The Goods and Services Tax (GST) is all set to be rolled out from July 1, 2017. The aim of the GST is to collate multiple taxes into one common tax. This move is expected to reduce the cost of compliance and transactions, transforming India into a more efficient economy. However, a few doubts remain with respect to the new tax rates and the complexity of the structure.
By Baishakhi Dutta & Shruti Mishra
The much anticipated event has finally happened and hats off to the government’s stewardship in ably carrying this off. On May 18, 2017, at the GST Council meeting held at Srinagar, J&K, decisions were taken on the broad taxation slabs that goods would come under — nil rate, 5 per cent, 12 per cent, 18 per cent or 28 per cent. Electronic components, which the industry was expecting to come under the merit GST rate of 12 per cent, have been placed in the18 per cent (and in some cases the 28 per cent) tax slab.
The GST is a groundbreaking reform and will probably prove to be one of the most impactful ones. The aspect that appears most exciting is that India will finally have a single common market, which will radically transform the US$ 2 trillion economy and help boost GDP by up to 2 percentage points. Theoretically, one common market is great for ease of doing business but, practically, the fate of the GST is still unclear. The policy-makers and researchers are still finding it difficult to predict how GST is going to unfold in the coming months.
To analyse the impact of the GST on the various segments of the Indian electronics industry, the Electronics Bazaar team reached out to various experts in the industry to assess their reactions and expectations with respect to this tax. This report summarises their sentiments with respect to the effectiveness of the new tax structure.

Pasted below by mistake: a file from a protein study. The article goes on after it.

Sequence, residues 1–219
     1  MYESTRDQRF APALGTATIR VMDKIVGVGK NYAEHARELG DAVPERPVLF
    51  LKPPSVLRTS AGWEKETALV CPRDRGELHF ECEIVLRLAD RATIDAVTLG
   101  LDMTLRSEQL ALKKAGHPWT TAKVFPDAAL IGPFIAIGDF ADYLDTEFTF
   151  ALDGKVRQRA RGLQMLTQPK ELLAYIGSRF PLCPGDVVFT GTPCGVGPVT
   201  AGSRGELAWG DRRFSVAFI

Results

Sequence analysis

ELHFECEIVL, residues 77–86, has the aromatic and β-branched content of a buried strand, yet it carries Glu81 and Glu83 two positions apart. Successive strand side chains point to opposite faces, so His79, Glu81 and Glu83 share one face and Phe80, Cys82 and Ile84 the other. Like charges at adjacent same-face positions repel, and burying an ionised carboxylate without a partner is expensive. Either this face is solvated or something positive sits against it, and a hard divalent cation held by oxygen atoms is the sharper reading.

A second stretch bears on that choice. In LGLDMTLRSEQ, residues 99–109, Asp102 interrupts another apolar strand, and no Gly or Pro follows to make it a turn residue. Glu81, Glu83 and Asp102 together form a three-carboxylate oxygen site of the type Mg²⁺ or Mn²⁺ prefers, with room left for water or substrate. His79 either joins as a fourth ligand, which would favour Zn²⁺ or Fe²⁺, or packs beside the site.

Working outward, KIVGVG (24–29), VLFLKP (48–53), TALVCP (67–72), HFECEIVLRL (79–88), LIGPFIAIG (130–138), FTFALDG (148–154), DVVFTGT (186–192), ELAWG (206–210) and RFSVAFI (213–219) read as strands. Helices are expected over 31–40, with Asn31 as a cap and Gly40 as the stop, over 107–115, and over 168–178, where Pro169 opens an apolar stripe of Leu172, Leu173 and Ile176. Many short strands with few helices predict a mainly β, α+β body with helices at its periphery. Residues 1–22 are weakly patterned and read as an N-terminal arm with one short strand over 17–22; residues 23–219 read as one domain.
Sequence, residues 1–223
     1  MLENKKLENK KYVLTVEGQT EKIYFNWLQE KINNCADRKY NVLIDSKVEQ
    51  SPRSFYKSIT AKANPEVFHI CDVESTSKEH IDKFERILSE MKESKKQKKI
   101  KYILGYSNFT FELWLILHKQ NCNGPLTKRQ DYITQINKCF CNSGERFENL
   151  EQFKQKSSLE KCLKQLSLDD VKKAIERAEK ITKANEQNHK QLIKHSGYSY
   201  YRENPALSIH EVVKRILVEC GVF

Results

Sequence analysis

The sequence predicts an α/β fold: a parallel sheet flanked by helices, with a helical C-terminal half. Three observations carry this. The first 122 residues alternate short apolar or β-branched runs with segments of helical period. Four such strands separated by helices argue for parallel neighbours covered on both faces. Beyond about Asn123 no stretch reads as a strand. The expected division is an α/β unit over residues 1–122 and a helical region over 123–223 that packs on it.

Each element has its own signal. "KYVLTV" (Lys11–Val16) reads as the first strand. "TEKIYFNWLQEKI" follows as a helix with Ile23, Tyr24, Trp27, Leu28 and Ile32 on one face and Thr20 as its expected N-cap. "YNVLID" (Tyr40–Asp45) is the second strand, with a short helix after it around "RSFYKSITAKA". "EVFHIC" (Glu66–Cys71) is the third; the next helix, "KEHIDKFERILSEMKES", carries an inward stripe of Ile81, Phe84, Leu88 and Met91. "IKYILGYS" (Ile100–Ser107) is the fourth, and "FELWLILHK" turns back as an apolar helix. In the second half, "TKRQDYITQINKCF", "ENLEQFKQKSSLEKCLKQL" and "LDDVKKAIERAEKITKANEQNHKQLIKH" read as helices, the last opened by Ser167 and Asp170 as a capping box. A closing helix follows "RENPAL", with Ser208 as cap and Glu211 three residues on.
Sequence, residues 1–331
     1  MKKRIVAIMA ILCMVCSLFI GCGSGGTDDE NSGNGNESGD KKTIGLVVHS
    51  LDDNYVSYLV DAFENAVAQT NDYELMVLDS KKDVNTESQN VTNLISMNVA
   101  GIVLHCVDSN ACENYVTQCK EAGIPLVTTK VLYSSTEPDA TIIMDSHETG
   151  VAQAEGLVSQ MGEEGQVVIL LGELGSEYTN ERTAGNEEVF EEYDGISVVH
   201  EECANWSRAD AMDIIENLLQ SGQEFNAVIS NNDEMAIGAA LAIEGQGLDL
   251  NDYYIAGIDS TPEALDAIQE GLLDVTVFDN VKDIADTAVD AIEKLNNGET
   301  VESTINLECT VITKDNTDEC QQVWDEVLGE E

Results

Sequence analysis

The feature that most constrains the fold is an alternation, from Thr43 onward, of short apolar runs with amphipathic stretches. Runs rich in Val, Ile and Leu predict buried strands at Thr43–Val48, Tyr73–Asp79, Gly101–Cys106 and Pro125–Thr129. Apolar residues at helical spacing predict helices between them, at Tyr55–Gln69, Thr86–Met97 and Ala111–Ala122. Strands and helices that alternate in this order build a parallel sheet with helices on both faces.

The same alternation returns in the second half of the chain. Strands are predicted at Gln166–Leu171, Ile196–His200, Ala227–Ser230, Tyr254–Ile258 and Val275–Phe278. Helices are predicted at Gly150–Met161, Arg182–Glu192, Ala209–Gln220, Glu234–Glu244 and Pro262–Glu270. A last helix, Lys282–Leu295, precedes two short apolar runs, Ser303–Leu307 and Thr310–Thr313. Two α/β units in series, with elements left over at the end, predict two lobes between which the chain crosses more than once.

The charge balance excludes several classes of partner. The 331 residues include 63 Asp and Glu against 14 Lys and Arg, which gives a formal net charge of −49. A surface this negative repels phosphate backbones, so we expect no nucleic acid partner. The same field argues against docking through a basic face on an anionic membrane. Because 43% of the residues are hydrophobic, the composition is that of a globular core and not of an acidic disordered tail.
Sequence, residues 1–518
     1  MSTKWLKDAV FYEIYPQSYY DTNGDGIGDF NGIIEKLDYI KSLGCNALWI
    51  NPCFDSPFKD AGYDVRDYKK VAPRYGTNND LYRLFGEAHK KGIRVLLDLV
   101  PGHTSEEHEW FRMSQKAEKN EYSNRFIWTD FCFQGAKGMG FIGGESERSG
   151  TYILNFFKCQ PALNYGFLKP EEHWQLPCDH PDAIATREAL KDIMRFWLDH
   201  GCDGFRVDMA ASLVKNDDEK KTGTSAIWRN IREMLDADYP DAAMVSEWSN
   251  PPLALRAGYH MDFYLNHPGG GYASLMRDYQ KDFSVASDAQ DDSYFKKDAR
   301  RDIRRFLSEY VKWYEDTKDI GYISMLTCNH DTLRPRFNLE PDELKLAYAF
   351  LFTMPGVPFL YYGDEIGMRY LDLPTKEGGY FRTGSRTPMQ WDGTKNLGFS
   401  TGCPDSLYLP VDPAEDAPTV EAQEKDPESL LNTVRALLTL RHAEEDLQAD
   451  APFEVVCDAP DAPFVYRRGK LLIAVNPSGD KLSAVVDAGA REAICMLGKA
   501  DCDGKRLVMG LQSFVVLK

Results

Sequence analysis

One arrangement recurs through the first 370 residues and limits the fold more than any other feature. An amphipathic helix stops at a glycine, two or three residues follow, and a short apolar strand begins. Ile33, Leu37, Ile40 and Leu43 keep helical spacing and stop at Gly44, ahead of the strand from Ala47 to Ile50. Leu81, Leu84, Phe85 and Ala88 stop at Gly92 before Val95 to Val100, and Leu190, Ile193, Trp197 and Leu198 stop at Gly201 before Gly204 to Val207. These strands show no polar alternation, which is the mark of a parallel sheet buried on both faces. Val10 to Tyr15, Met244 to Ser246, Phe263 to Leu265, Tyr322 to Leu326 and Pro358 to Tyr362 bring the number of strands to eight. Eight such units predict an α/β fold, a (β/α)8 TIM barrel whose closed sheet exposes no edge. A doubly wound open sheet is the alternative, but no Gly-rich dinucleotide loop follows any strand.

- Existing taxes: 23 per cent (approx.)
- Upcoming GST: 28 per cent
The consumer electronics segment will probably experience the greatest upheaval because the effective tax rate is much higher now than what was prevailing before. This year, the prices of televisions, refrigerators and air conditioners are set to go up by 4 to 5 per cent with the GST council proposing the highest tax slab of 28 per cent on consumer electronics and durables, as compared to the current tax rate which is around 23 per cent. While interacting with electronics industry veterans, we came across many distinguished views on how the new GST is going to affect this industry.
“Consumer electronics products, i.e., air conditioners, refrigerators, vacuum cleaners, etc, will see a rise in taxes from the current 26 per cent rate to the 28 per cent tax slab. Office equipment like printers, photocopiers, fax machines, monitors and projectors are going to be costlier as well. However, due to GST, India will become a common marketplace and the cost of warehousing and logistics will be reduced. This will lead to a more decentralised supply chain model, which will be different from the current centralised warehouse systems operated by many players. We are likely to see an improvement in logistics systems and a reduction in lead times under this tax structure,” says Pavel Naiya, senior analyst, Counterpoint Research.
LED TV manufacturer, Avneet Singh Marwah, CEO, Super Plastronics Pvt Ltd, opines, “Since consumer electronics has been classified under the 28 per cent tax slab, the cost of all consumer electronics products like TVs, ACs, washing machines and refrigerators will be impacted and will get costlier by approximately 5 per cent, depending on the state these are sold in. At present, there is lack of information on the excise exemption currently available and the refund mechanism that is being planned. Legalities on paper tend to be different from their practical implementation. There are a lot of questions related to how the indirect taxes currently in place are going to be enfolded into GST.”
Manish Sharma, president and CEO, Panasonic India and South Asia, as well as VP, Appliances Company, Panasonic Corporation, states, “Under the new GST tax slabs, a price rise of 4 per cent and upwards can be expected for consumer durables. There will be a negative impact on sales in July-August this year, but we expect the effect will get neutralised by the festive season and demand will be back. The trade partners, though, might experience a slight impact due to the input tax.”
DTH to enjoy lower taxes!
- Existing taxes: 15 per cent
- Upcoming GST: 18 per cent